I named my in home childcare Peace of Mind Home Childcare.. IRONIC as I am the one needing Peace Of Mind.. I am also married to a Police Officer and this time of year is the most stressful.. yet I am grateful for all that I have.. I am wishing for solice.. more me time and time to rejuvinate and educate myself on how to be more spiritual. I think your book may be something that Santa needs to magically put in my stocking.. or mail.. I am a believer in fate and that good things come to those that do good and that I am a postive person people come to with their problems and I need to learn how to do the same.. Maybe its the winter solstice.. or the Cancer/capricorn rising in me… but I feel your book is what I need right now.. Thank you for allowing me to put my name in for the drawing and I wish you a peaceful evening.

    • says

      Beautiful girl with the beautiful name! I honour your desire for solace and self replenishment. Trust that you will get what you need when you need in forms that may not be obvious right at first. Stay open and trusting. Thanks for entering your name in the draw and happy holidays!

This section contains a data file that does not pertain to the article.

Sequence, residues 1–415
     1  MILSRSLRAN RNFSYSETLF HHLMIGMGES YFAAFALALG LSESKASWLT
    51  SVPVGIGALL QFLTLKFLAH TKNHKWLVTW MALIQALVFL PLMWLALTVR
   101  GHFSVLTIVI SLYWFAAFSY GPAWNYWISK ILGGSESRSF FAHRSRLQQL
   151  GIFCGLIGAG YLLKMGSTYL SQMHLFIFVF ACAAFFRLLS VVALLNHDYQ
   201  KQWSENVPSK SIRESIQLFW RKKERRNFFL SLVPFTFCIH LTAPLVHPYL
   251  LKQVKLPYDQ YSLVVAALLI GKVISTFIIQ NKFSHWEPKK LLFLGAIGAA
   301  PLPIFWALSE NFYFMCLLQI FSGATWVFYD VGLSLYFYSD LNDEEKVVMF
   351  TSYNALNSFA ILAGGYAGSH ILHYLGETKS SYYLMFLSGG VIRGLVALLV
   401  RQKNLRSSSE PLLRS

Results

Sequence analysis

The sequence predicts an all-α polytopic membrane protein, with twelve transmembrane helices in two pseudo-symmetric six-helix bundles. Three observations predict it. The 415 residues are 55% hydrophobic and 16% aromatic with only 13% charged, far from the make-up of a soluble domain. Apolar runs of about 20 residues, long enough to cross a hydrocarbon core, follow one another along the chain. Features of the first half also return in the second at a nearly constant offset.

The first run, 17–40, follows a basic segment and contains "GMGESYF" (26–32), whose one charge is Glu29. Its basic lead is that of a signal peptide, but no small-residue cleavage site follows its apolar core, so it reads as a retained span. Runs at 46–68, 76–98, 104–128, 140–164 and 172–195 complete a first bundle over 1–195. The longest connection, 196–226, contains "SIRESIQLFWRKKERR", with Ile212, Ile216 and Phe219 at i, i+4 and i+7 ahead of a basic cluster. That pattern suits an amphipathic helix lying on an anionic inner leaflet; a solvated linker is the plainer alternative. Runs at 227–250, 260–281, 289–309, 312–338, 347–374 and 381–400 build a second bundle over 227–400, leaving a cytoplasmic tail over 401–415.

11. Margaret says

    Wow…what a great interview; alot of wisdom & food for thought! Thankyou Tia & Lori. I’m always loading too much on my plate & never accomplishing all of it….I end up frustrated & overwhelmed. I’ve always wanted my own business, but, never have started one. I love cooking & baking edpecially. For the past 20 years I’ve imagined some kind of food business…